Jeff Goldberg

The Channel is the most complex residential anchor of the first phase of the District Wharf, a landmark $3.2 billion redevelopment of the southwest waterfront in Washington, D.C. The program includes multistory retail, rooftop amenity spaces, below-grade parking, and The Anthem, which is a 6,000-seat music hall.

The residential component features two 12-story residential towers with 501 apartment units. The Channel’s exterior design helps to seamlessly blend the performance venue with the residences and the architectural landscape of The Wharf.

The unit design provides new urban housing for millennials with a mix of one- and two-bedroom units, as well as the District’s first micro-units of 300 to 350 square feet. To maximize open space, the micro-units include built-in furniture and cabinetry, rightsized appliances, wall beds, and large windows. Select units feature French doors with Juliet balconies opening to the exterior.

The Channel strives to improve residents’ quality of life by providing personal gardens, a communal lawn, and a 40-foot infinity pool overlooking the Washington Channel.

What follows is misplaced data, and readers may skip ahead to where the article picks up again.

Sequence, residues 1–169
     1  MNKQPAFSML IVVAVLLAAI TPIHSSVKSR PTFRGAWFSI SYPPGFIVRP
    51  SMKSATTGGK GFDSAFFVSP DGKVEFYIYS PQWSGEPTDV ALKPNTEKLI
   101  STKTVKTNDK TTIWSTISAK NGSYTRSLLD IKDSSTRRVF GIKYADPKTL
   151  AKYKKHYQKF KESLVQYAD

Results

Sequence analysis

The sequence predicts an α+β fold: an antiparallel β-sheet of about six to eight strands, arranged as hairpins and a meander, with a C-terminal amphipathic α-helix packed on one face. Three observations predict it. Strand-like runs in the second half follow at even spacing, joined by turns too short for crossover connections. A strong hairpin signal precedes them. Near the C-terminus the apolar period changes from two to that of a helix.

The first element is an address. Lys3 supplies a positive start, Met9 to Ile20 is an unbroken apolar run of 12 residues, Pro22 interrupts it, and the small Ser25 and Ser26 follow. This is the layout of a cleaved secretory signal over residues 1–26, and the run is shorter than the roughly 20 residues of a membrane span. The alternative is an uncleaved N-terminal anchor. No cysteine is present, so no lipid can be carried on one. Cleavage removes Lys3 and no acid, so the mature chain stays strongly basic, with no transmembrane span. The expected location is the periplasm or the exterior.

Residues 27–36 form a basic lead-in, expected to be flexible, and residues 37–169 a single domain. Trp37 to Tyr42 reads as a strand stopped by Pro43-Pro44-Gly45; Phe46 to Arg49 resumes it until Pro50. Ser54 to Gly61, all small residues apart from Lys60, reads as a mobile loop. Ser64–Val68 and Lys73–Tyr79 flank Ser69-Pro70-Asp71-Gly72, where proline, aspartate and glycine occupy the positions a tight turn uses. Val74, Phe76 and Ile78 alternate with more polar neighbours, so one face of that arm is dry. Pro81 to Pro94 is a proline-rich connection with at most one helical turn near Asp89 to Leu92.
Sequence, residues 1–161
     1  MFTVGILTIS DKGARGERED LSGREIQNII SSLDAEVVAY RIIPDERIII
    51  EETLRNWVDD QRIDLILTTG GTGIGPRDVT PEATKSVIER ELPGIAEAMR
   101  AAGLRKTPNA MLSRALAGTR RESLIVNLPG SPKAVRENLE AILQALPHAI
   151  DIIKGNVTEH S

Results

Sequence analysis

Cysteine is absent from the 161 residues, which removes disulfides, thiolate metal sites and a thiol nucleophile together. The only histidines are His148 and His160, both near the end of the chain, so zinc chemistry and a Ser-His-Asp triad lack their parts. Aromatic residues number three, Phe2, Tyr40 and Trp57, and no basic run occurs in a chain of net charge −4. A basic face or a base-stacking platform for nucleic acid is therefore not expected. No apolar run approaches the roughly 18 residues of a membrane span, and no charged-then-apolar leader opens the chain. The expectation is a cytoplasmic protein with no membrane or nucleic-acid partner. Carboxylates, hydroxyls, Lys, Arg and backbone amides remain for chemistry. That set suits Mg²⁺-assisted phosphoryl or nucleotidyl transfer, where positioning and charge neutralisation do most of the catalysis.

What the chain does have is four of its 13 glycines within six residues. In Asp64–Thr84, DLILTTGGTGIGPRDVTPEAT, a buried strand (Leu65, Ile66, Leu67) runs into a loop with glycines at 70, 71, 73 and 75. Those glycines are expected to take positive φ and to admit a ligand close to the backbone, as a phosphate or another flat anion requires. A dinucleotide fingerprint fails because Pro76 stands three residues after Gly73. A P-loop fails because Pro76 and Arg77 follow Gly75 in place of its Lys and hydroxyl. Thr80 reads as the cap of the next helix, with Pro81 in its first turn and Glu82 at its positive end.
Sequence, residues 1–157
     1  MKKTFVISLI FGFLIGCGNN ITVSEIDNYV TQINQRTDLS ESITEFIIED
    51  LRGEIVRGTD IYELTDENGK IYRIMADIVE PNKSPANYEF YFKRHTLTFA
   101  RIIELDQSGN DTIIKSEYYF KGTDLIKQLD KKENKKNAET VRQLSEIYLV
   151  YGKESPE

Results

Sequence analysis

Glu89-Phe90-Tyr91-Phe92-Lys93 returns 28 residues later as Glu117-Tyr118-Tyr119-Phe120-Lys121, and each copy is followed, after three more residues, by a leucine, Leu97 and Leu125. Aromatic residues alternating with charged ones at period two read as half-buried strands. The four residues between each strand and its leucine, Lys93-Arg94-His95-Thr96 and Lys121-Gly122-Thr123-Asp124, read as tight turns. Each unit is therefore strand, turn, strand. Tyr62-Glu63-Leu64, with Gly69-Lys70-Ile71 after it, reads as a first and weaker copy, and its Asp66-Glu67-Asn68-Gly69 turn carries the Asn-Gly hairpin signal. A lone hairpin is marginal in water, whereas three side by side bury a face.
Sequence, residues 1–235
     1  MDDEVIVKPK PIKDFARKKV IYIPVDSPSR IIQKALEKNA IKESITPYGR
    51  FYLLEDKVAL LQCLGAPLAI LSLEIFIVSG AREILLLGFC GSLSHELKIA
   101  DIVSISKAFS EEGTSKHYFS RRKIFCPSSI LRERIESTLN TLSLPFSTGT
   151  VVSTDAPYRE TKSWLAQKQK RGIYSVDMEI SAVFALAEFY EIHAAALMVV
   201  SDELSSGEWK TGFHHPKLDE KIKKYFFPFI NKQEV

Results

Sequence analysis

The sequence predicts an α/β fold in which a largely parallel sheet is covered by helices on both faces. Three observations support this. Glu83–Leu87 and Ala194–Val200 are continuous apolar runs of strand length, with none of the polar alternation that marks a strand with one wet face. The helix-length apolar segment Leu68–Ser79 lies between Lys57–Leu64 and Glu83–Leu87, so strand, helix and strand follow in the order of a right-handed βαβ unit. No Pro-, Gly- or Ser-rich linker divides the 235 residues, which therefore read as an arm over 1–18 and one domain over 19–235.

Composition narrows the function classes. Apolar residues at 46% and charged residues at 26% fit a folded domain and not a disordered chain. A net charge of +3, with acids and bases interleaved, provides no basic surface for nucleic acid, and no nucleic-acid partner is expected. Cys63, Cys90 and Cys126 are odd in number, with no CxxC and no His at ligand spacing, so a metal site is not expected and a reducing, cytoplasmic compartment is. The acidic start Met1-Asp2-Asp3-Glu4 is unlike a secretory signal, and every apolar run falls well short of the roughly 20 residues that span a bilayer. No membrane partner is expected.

The interior design blends an industrial aesthetic with the modern comfort that is expected in today’s rental market. Units are equipped with floor-to-ceiling windows to optimize daylighting and views, while the use of LED fixtures and recycled materials improve indoor environmental quality.

The redevelopment of the waterfront began with an RFP to generate a new vision for the site. By the final approval, architect Perkins Eastman DC had coordinated and participated in more than 500 community meetings. To complete the vision, two acts of Congress were required to narrow the Channel and allow the public to occupy the waterfront in a new way.

The Channel’s environmental strategies include a roof-mounted, natural gas-fired, micro-turbine, co-generation unit that generates electricity while harvesting waste heat for residential domestic hot water. There’s also a solar panel array and an extensive green roof. The project replaced a single-story structure with a 12-story building, set at a vertical elevation above the 100-year flood stage to protect the habitable floors from floodwaters. The Channel increases density in a transportation-rich location while also increasing resiliency and safety for residents.